+by default.  Strictly speaking, to get \s-1ANSI\s0 Standard C, you must use the
+options \fB\-trigraphs\fR, \fB\-undef\fR and \fB\-pedantic\fR, but in
+practice the consequences of having strict \s-1ANSI\s0 Standard C make it
+undesirable to do this.  
+.PP
+The C preprocessor is designed for C\-like languages; you may run into
+problems if you apply it to other kinds of languages, because it assumes
+that it is dealing with C.  For example, the C preprocessor sometimes
+outputs extra white space to avoid inadvertent C token concatenation,
+and this may cause problems with other languages.
+.SH "OPTIONS"
+The C preprocessor expects two file names as arguments, \fIinfile\fR and
+\fIoutfile\fR.  The preprocessor reads \fIinfile\fR together with any other
+files it specifies with \fB#include\fR.  All the output generated by the
+combined input files is written in \fIoutfile\fR.
+.PP
+Either \fIinfile\fR or \fIoutfile\fR may be \fB\-\fR, which as
+\fIinfile\fR means to read from standard input and as \fIoutfile\fR
+means to write to standard output.  Also, if either file is omitted, it
+means the same as if \fB\-\fR had been specified for that file.
+.PP
+Here is a table of command options accepted by the C preprocessor.
+These options can also be given when compiling a C program; they are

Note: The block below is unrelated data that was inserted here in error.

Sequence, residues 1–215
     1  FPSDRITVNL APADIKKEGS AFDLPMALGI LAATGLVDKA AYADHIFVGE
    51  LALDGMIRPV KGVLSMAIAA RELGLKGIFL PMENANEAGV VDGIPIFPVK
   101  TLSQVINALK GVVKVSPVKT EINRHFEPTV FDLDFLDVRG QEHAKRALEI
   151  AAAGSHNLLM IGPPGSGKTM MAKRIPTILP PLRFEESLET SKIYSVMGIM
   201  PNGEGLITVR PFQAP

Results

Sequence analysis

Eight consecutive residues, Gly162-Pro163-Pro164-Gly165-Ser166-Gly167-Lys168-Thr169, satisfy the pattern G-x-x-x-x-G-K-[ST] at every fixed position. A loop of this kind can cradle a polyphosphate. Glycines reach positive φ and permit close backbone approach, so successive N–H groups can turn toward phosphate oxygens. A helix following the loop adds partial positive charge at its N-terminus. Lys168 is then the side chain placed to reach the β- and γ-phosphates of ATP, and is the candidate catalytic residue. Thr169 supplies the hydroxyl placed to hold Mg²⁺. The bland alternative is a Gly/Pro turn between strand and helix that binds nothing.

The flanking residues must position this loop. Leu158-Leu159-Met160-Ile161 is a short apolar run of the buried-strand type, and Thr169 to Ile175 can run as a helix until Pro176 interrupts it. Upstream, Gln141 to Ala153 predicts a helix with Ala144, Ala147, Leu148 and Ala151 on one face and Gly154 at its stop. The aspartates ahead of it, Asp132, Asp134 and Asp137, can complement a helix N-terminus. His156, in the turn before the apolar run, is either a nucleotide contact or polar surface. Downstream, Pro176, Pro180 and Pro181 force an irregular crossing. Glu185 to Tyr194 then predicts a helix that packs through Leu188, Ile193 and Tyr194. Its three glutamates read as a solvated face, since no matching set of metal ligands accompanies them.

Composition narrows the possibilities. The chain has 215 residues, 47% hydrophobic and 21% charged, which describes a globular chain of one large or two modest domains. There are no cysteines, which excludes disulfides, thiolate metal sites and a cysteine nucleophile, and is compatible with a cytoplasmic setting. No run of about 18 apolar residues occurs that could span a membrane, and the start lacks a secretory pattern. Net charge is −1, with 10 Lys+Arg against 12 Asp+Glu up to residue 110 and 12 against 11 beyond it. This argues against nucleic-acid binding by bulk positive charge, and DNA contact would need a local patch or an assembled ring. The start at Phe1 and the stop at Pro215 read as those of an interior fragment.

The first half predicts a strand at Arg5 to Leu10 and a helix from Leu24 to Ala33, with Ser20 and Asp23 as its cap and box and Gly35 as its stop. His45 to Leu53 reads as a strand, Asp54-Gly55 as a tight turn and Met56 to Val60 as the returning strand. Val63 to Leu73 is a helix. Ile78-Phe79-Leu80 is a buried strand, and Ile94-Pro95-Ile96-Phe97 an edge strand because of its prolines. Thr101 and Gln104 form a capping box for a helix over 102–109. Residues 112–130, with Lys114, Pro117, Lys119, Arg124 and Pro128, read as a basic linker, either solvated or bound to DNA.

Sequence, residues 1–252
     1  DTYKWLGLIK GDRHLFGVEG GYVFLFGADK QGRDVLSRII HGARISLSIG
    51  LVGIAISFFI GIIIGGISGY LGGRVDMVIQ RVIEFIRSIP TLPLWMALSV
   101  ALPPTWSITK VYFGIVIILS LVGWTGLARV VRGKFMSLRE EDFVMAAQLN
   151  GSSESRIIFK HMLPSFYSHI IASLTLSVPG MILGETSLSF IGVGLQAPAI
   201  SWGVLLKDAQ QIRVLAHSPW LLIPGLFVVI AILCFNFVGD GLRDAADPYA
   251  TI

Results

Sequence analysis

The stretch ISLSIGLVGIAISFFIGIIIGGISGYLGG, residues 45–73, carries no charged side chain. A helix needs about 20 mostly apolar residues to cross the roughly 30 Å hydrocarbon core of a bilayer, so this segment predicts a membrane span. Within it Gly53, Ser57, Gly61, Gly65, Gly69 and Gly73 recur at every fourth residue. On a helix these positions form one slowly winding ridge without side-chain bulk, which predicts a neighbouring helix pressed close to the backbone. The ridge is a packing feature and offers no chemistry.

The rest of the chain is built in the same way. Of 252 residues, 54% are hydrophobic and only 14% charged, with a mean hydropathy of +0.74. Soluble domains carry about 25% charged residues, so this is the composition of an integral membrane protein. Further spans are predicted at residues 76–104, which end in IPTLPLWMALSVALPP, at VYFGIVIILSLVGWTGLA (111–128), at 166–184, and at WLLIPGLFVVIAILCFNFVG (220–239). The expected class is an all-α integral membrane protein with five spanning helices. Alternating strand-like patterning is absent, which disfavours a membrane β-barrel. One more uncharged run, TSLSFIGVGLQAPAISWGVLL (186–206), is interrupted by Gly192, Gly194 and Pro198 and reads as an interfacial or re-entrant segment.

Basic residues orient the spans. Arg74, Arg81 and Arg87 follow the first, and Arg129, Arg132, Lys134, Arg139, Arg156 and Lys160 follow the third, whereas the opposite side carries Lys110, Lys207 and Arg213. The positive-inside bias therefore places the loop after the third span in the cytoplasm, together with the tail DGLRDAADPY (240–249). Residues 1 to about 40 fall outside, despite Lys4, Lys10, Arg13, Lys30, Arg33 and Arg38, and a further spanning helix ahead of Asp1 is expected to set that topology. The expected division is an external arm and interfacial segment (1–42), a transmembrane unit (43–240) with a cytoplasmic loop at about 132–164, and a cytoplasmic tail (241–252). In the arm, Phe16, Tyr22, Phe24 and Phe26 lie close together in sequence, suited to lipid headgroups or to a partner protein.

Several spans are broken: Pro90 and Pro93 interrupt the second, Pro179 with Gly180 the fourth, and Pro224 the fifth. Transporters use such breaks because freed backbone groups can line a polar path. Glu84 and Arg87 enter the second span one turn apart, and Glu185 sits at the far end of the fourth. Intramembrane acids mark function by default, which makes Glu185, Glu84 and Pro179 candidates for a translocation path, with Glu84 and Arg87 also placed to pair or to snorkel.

+passed along automatically to the preprocessor when it is invoked by the
+compiler.
+.Ip "\fB\-P\fR" 4
+Inhibit generation of \fB#\fR\-lines with line-number information in
+the output from the preprocessor   This might be
+useful when running the preprocessor on something that is not C code
+and will be sent to a program which might be confused by the
+\fB#\fR\-lines.
+.Ip "\fB\-C\fR" 4
+Do not discard comments: pass them through to the output file.
+Comments appearing in arguments of a macro call will be copied to the
+output before the expansion of the macro call.
+.Ip "\fB\-traditional\fR" 4
+Try to imitate the behavior of old-fashioned C, as opposed to \s-1ANSI\s0 C.
+.Ip "\(bu" 8
+Traditional macro expansion pays no attention to singlequote or
+doublequote characters; macro argument symbols are replaced by the
+argument values even when they appear within apparent string or
+character constants.
+.Ip "\(bu" 8
+Traditionally, it is permissible for a macro expansion to end in the
+middle of a string or character constant.  The constant continues into
+the text surrounding the macro call.
+.Ip "\(bu" 8
+However, traditionally the end of the line terminates a string or
+character constant, with no error.
+.Ip "\(bu" 8
+In traditional C, a comment is equivalent to no text at all.  (In \s-1ANSI\s0
+C, a comment counts as whitespace.)
+.Ip "\(bu" 8
+Traditional C does not have the concept of a ``preprocessing number'\*(R'.